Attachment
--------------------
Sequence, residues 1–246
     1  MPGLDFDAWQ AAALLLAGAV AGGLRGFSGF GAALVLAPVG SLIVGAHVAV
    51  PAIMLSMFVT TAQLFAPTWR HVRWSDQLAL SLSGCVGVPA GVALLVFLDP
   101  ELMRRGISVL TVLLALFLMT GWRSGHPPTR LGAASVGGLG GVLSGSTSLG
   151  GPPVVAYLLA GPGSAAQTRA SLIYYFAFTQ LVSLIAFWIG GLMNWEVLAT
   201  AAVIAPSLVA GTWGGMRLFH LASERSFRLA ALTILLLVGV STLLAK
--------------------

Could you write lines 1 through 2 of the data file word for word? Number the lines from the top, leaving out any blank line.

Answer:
Sequence, residues 1–246
     1  MPGLDFDAWQ AAALLLAGAV AGGLRGFSGF GAALVLAPVG SLIVGAHVAV